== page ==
We will learn in the simplest way how to find the parametric equations of the hyperbola.
The circle described on the transverse axis of a hyperbola as diameter is called its Auxiliary Circle.
If \(\frac{x^{2}}{a^{2}}\)  \(\frac{y^{2}}{b^{2}}\) = 1 is a hyperbola, then its auxiliary circle is x\(^{2}\) + y\(^{2}\) = a\(^{2}\).
Let the equation of the hyperbola be, \(\frac{x^{2}}{a^{2}}\)  \(\frac{y^{2}}{b^{2}}\) = 1
The transverse axis of the hyperbola \(\frac{x^{2}}{a^{2}}\)  \(\frac{y^{2}}{b^{2}}\) = 1 is AA’ and its length = 2a. Clearly, the equation of the circle described on AA’ as diameter is x\(^{2}\) + y\(^{2}\) = a\(^{2}\) (since the centre of the circle is the centre C (0, 0) of the hyperbola).
Therefore, the equation of the auxiliary circle of the hyperbola \(\frac{x^{2}}{a^{2}}\)  \(\frac{y^{2}}{b^{2}}\) = 1 is, x\(^{2}\) + y\(^{2}\) = a\(^{2}\)
Let P (x, y) be any point on the equation of the hyperbola be \(\frac{x^{2}}{a^{2}}\) \(\frac{y^{2}}{b^{2}}\) = 1
Now from P draw PM perpendicular to the transverse axis of the hyperbola. Again take a point Q on the auxiliary circle x\(^{2}\) + y\(^{2}\) = a\(^{2}\) such that ∠CQM = 90°.
Join the point C and Q. The length of QC = a. Again, let ∠MCQ = θ. The angle ∠MCQ = θ is called the eccentric angle of the point P on the hyperbola.
Now from the rightangled ∆CQM we get,
CQ/MC = cos θ
or, a/MC = a/sec θ
or, MC = a sec θ
Therefore, the abscissa of P = MC = x = a sec θ
Since the point P (x, y) lies on the hyperbola \(\frac{x^{2}}{a^{2}}\) \(\frac{y^{2}}{b^{2}}\) = 1 hence,
\(\frac{a^{2}sec^{2} θ }{a^{2}}\)  \(\frac{y^{2}}{b^{2}}\) = 1, (Since, x = a sec θ)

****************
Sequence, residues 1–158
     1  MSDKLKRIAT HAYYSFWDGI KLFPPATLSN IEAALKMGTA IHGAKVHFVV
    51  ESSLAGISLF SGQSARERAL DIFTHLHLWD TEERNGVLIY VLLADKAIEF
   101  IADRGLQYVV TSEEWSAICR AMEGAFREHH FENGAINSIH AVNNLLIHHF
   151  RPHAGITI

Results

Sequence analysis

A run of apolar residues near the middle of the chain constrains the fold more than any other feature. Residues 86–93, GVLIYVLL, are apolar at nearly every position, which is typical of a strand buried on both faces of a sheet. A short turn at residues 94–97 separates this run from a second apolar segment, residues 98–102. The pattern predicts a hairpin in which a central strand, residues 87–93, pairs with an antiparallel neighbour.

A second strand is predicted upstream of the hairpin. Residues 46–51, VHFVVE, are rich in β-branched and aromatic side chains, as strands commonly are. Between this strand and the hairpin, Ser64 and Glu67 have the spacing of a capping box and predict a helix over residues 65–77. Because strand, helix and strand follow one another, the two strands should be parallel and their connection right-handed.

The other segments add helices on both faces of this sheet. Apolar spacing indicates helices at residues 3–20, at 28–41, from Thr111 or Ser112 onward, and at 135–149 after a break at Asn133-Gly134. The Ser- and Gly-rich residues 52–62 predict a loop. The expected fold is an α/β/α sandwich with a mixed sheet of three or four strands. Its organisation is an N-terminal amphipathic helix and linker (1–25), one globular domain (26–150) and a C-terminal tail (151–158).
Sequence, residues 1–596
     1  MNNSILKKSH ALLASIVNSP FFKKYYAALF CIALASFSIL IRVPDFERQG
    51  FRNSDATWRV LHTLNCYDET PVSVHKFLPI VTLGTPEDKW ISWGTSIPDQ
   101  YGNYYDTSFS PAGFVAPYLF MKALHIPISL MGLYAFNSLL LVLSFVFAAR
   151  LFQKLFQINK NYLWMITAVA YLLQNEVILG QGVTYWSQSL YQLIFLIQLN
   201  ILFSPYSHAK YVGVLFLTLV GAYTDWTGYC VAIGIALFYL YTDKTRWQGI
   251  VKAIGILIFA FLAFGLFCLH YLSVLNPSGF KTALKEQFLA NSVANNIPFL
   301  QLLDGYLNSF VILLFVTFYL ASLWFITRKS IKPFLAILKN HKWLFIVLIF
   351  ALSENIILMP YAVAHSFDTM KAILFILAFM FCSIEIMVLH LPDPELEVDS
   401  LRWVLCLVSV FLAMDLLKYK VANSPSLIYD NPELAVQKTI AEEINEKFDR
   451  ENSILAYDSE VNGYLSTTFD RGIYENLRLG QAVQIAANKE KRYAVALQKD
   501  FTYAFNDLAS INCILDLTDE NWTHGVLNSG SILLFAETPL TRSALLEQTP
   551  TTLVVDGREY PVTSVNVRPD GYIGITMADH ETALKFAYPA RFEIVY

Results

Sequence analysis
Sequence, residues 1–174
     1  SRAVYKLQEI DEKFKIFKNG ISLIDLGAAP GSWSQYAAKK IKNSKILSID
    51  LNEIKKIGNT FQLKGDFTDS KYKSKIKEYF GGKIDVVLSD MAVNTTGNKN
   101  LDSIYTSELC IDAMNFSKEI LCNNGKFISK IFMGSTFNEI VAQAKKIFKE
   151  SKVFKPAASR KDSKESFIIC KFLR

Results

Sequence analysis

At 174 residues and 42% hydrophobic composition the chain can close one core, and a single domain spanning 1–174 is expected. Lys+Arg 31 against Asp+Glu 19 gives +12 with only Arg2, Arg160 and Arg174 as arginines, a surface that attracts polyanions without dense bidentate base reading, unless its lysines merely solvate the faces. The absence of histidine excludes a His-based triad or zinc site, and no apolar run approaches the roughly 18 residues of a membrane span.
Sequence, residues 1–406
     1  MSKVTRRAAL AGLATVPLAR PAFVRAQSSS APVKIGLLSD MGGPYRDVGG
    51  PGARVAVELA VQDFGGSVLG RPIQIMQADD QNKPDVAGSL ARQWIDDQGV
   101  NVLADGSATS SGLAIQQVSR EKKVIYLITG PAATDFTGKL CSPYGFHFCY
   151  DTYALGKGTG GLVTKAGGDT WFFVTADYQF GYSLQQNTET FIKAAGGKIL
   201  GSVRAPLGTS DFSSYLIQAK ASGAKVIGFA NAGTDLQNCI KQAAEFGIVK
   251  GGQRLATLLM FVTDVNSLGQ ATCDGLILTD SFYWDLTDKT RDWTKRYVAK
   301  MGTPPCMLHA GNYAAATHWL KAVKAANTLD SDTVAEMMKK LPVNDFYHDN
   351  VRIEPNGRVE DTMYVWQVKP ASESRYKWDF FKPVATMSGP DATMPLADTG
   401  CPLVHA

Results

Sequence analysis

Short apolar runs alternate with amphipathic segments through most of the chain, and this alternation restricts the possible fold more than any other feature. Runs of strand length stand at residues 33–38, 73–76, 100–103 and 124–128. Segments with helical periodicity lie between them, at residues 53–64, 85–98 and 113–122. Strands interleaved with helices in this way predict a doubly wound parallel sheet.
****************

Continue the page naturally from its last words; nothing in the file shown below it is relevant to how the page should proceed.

⇒ \(\frac{y^{2}}{b^{2}}\) = sec\(^{2}\) θ – 1
⇒ \(\frac{y^{2}}{b^{2}}\) = tan\(^{2}\) θ
⇒ y\(^{2}\) = b\(^{2}\) tan\(^{2}\) θ
⇒ y = b tan θ
Hence, the coordinates of P are (a sec θ, b tan θ).
Therefore, for all values of θ the point P (a sec θ, b tan θ) always lies on the hyperbola \(\frac{x^{2}}{a^{2}}\)  \(\frac{y^{2}}{b^{2}}\) = 1
Thus, the coordinates of the point having eccentric angle θ can be written as (a sec θ, b tan θ). Here (a sec θ, b tan θ) are known as the parametric coordinates of the point P.
The equations x = a sec θ, y = b tan θ taken together are called the parametric equations of the hyperbola \(\frac{x^{2}}{a^{2}}\)  \(\frac{y^{2}}{b^{2}}\) = 1; where θ is parameter (θ is called the eccentric angle of the point P).
Solved example to find the parametric equations of a hyperbola:
1. Find the parametric coordinates of the point (8, 3√3) on the hyperbola 9x\(^{2}\)  16y\(^{2}\) = 144.
Solution:
The given equation of the hyperbola is 9x2  16y2 = 144
⇒ \(\frac{x^{2}}{16}\)  \(\frac{y^{2}}{9}\) = 1
⇒ \(\frac{x^{2}}{4^{2}}\)  \(\frac{y^{2}}{3^{2}}\) = 1, which is the form of \(\frac{x^{2}}{a^{2}}\)  \(\frac{y^{2}}{b^{2}}\) = 1.
Therefore,
a\(^{2}\) = 4\(^{2}\)
⇒ a = 4 and
b\(^{2}\) = 3\(^{2}\)
⇒ b = 3.
Therefore, we can take the parametric coordinates of the point (8, 3√3) as (4 sec θ, 3 tan θ).
Thus we have, 4 sec θ = 8
⇒ sec θ = 2
⇒ θ = 60°
We know that for all values of θ the point (a sec θ, b tan θ) always lies on the hyperbola \(\frac{x^{2}}{a^{2}}\)  \(\frac{y^{2}}{b^{2}}\) = 1
Therefore, (a sec θ, b tan θ) are known as the parametric coordinates of the point.
Therefore, the parametric coordinates of the point (8, 3√3) are (4 sec 60°, 3 tan 60°).
2. P (a sec θ, a tan θ) is a variable point on the hyperbola x\(^{2}\)  y\(^{2}\) = a\(^{2}\), and M (2a, 0) is a fixed point. Prove that the locus of the middle point of AP is a rectangular hyperbola.
Solution:
Let (h, k) be the middle point of the line segment AM.
Therefore, h = \(\frac{a sec θ + 2a}{2}\)
⇒ a sec θ = 2(h  a)
(a sec θ)\(^{2}\) = [2(h  a)]\(^{2}\) …………………. (i)
and k = \(\frac{a tan θ}{2}\)
⇒ a tan θ = 2k
(a tan θ)\(^{2}\) = (2k)\(^{2}\) …………………. (ii)
Now form (i)  (ii), we get,
(a sec θ)\(^{2}\)  (a tan θ)\(^{2}\) = [2(h  a)]\(^{2}\)  (2k)\(^{2}\)
⇒ a\(^{2}\)(sec\(^{2}\) θ  tan\(^{2}\) θ) = 4(h  a)\(^{2}\)  4k\(^{2}\)
⇒ (h  a)\(^{2}\)  k\(^{2}\) = \(\frac{a^{2}}{4}\).
Therefore, the equation to the locus of (h, k) is (x  a)\(^{2}\)  y\(^{2}\) = \(\frac{a^{2}}{4}\), which is the equation of a rectangular hyperbola.
`● The Hyperbola
11 and 12 Grade Math
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